The use of international credits from projects involving trifluoromethane (HFC-23) and nitrous oxide (N2O) from adipic acid production (hereafter ‘industrial gas projects’) should be restricted. This is consistent with the October 2009 European Council conclusions urging developing countries, especially the more advanced, to take appropriate mitigation action. The vast majority of industrial gas projects are located in advanced developing countries with sufficient capabilities to finance those cheap reductions themselves, and the revenues gained from those projects in the past should suffice to finance them. The introduction of use restrictions for industrial gas credits, in particular if followed by respective decisions at international levels, should contribute to reaching a more balanced geographical distribution of the benefits of the mechanisms established under the Kyoto Protocol.


Industrial gas projects raise environmental concerns. Exceptionally high rates of return from the destruction of HFC-23 has the consequence of stimulating the continued production and use of chlorodifluoromethane (HCFC-22), a potent ozone depleting and greenhouse gas substance, in registered plants at the maximum level allowed by the project activity methodology. As a result, the production of HCFC-22 could be higher than what it would have been in the absence of project activities. This in turn undermines the ‘2007 Montreal Adjustment on Production and Consumption of HCFCs’ under the Montreal Protocol on Substances that Deplete the Ozone Layer (6), to establish the accelerated phase-out of HCFC-22 for non-feedstock use. It is also inconsistent with Member State financing of the phase-out of HCFC-22 production through contributions to the multilateral fund under the Montreal Protocol. These high rates of return result in distortions of economic incentives and competition and in shifts in production from adipic acid producers established in the Union to registered producers in third countries. The much more favourable treatment of adipic acid producers participating in the Kyoto mechanisms than those entering the Union scheme as of 2013 will increase the risks of similar shifts in production, and a net increase in global emissions. To reduce distortions of economic incentives and competition and avoid greenhouse gas emission leakage, restrictions on the use of these international credits are justified.


International credits from industrial gas projects do not contribute to technology transfer or to the necessary long-term transformation of energy systems in developing countries. Abating these industrial gases through JI or the CDM does not contribute to reducing global emissions in the most efficient manner, because the high returns by project developers are not used for emission reductions.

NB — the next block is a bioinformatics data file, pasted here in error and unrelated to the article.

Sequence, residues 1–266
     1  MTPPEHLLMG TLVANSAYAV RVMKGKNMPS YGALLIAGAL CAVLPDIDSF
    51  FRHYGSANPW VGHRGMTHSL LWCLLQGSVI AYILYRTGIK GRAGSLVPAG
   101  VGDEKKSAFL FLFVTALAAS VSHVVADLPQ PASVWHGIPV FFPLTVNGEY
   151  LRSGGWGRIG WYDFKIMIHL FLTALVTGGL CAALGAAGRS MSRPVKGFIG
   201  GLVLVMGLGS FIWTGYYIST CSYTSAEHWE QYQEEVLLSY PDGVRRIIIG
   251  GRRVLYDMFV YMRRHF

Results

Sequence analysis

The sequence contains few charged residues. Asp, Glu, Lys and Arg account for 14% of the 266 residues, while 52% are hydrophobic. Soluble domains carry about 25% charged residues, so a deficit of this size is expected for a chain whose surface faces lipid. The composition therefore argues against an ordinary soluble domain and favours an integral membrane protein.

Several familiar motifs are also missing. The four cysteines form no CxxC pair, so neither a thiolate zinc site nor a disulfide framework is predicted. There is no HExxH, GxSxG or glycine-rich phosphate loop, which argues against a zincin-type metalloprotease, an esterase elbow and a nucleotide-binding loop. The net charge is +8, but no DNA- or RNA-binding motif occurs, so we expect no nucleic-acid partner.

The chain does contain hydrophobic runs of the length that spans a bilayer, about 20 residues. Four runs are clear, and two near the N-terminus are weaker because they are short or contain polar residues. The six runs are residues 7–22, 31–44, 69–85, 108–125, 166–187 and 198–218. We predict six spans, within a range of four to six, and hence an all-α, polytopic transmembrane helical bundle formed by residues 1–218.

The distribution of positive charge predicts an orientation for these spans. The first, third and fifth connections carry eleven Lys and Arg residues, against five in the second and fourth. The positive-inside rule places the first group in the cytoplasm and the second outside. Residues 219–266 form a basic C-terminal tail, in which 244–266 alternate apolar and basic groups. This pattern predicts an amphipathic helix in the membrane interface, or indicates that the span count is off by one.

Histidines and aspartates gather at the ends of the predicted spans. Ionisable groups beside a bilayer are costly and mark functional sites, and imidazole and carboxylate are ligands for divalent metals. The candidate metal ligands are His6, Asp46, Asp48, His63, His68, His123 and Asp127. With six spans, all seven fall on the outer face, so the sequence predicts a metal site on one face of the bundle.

The application of full use restrictions of specific credits is provided for in Article 11a(9) of Directive 2003/87/EC. It is appropriate to apply such a restriction in the case of industrial gas projects. A full restriction of use best eliminates undesirable competitive and environmental consequences of those credits, improves the cost-efficiency of global emission reductions and the environmental performance of the carbon market by encouraging low-carbon investments.


In accordance with Article 11a(9) of Directive 2003/87/EC, the measures provided for in this Regulation should apply from 1 January 2013, which in accordance with that Article is more than six months and less than three years from its date of adoption. The use of industrial gas credits for compliance obligations during 2012 is not affected by these measures.


The measures provided for in this Regulation are in accordance with the opinion of the Climate Change Committee,


Article 1

From 1 January 2013, the use of international credits from projects involving the destruction of trifluoromethane (HFC-23) and nitrous oxide (N2O) from adipic acid production for the purposes of Article 11a of Directive 2003/87/EC is prohibited, except for the use of credits in respect of emission reductions before 2013 from existing projects of these types for use in respect of emissions from EU ETS installations that took place during 2012 which shall be allowed until 30 April 2013 inclusive.

Article 2

This Regulation shall enter into force on the day of its publication in the Official Journal of the European Union.

This Regulation shall be binding in its entirety and directly applicable in all Member States.

Done at Brussels, 7 June 2011.

For the Commission

The President

José Manuel BARROSO

(1)  OJ L 275, 25.10.2003, p. 32.

(2)  OJ L 33, 7.2.1994, p. 11.

(3)  OJ L 130, 15.5.2002, p. 1.

(4)  Council conclusions, Preparation for the 16th Conference of the Parties to the UNFCCC, Cancun (29.11-10.12.2010) 3036th Environment Council meeting, Luxembourg, 14.10.2010 and Council conclusions EU position for the Copenhagen Climate Change Conference (7-18.12.2009) 2968th Environment Council Meeting, Luxembourg, 21 October 2009 endorsed by the Presidency conclusions of the Brussels European Council of 29/30 October 2009.

(5)  OJ L 338, 13.11.2004, p. 18.

(6)  The Montreal Protocol on Substances that Deplete the Ozone Layer as adjusted and amended by the 19th Meeting of the Parties to the Montreal Protocol (17-21 September 2007).